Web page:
Killer Beats: Can Rap Lyrics Be Used in Court?
You don’t need to be a fan of rap music to know that typical rap lyrics involve some element of storytelling. Depending on the social history of the rapper, the lyrics may seek to add rhyme and reason to otherwise illicit and violent surroundings that are not typical of mainstream America.
While any artistic genre can claim to be focused on storytelling in a unique and personal way, only rap has the street cred as a genre to claim that some of the stories told have been used as evidence against their authors in criminal cases.
For example, both Mac Dre and Snoop Dogg have had their lyrics used as evidence against them in a court of law. In those cases, prosecutors sought to show motive or demonstrate that certain lyrics were an admission. Interestingly enough, no one put Johnny Cash on trial for shooting a man in Reno just to watch him die. So how–and why–is rap different?
There is a strong argument to be made that rap isn’t fundamentally different in this regard. In some cases, juries don’t buy the evidence as representing an actual crime, and ultimately acquit the accused rapper. After all, rap is an art form, and as such, may be entirely fictional and not an autobiographical confession.
However, in a few more recent cases, prosecutors have built their cases almost solely around the rapper’s songs. For rappers who are less famous, the results have carried more serious consequences, including sentences of life in prison.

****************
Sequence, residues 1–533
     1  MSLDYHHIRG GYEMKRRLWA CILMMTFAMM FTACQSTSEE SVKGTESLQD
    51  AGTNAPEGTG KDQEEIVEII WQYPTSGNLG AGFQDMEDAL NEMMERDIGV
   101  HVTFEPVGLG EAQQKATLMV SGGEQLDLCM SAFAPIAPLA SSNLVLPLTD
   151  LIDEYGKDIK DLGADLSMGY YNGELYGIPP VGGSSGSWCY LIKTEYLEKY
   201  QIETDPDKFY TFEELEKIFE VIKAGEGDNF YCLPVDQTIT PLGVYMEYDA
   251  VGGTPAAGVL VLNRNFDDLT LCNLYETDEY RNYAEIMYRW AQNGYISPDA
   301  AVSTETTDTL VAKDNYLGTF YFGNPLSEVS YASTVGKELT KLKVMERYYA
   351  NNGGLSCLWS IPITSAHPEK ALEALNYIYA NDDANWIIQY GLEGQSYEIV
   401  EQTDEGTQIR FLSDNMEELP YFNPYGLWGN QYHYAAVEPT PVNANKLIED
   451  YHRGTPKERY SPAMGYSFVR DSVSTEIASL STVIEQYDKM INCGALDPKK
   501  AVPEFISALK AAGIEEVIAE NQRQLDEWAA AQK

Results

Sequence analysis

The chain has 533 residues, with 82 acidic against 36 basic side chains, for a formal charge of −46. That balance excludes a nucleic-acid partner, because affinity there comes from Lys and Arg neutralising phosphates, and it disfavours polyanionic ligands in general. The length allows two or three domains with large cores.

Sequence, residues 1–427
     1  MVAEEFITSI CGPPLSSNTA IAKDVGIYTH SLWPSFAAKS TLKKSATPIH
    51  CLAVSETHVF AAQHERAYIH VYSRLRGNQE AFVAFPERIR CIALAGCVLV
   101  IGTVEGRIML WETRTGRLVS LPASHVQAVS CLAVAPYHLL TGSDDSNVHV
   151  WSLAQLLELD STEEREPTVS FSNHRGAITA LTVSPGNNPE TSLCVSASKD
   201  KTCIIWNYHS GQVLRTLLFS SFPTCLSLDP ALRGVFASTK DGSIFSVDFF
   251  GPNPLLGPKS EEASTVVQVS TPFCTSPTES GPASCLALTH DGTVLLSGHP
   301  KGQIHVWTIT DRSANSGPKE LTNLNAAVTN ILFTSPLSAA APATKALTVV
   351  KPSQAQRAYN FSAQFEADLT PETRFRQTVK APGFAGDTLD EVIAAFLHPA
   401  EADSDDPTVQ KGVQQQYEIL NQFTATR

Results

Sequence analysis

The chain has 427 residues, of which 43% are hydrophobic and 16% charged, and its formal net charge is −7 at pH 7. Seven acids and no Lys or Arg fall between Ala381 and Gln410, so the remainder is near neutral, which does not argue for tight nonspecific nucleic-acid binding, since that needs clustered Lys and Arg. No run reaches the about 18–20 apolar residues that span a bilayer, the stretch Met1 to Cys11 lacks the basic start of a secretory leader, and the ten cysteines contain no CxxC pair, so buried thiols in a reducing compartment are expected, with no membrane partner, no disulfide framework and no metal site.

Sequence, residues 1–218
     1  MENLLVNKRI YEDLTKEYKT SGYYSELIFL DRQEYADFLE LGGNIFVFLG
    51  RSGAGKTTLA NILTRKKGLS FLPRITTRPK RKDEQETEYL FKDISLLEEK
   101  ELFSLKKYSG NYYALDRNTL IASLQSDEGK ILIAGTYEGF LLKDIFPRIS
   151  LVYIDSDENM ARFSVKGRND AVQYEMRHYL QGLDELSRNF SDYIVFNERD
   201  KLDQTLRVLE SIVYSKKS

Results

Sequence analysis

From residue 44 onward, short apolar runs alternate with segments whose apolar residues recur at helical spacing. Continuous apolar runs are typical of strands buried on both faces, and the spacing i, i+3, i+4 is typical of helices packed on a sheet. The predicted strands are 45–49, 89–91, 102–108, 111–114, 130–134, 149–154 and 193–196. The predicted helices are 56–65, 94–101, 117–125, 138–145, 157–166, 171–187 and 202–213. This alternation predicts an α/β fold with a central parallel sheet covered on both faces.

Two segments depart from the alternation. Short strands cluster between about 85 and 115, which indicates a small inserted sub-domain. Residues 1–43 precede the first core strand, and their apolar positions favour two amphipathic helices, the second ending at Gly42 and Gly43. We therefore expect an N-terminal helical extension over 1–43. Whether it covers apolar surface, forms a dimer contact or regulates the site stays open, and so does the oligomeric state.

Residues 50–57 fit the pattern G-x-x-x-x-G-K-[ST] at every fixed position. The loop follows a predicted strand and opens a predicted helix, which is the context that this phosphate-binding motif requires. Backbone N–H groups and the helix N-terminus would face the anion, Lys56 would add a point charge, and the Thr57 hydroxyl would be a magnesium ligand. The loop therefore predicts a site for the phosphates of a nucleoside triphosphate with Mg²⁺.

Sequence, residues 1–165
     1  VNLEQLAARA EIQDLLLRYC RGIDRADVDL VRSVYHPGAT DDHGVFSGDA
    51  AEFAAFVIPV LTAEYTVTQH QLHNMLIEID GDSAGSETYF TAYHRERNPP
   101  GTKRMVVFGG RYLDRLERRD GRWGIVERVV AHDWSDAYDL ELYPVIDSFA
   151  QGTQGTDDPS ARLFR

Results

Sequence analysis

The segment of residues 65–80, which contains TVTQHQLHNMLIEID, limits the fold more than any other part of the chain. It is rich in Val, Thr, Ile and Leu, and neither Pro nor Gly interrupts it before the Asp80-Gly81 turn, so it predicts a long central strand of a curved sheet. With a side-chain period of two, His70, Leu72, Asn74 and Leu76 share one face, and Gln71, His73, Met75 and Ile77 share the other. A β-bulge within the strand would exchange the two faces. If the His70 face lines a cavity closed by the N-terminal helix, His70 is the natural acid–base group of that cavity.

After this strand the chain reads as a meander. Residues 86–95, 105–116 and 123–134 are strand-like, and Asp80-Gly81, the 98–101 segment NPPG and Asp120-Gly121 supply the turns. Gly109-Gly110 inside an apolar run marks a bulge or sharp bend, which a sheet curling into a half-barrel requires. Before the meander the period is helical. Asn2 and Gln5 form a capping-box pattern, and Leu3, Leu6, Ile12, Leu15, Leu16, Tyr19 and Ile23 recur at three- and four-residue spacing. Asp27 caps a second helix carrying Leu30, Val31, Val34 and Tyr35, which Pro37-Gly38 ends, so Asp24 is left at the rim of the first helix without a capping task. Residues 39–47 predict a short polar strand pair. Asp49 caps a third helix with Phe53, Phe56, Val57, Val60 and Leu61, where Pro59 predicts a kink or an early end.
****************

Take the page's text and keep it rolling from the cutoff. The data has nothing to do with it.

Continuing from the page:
For evidence to be admissible, it must be relevant. Even then, it is subject to certain limitations, because we have deemed certain things to be too prejudicial or less reliable than others. Frighteningly, a prosecutor may not have too much of a challenge in admitting rap lyrics as evidence.
In the case of violent rap lyrics, a prosecutor to a murder case can argue that these lyrics are relevant because they are violent. He can also argue that the lyrics demonstrate the knowledge, motive, and intent to commit a murder. Rap lyrics will typically avoid any hearsay objections as a party admission.
This leaves defense attorneys to articulate how admitting these lyrics will confuse the jury as to the actual issues or substantially prejudice the defendant in some way. Objections can also be made regarding fictional, artistic, and protected speech. Sometimes the judge may agree.
In recent years, there has been an alarming trend in how often rap lyrics are used in court. This trend is more alarming when one considers that any other number of creative forms have yet to make their debut in a court of law. Perhaps the take away from this trend is that if you are going to express violent stories, you’d better write a novel or a country song.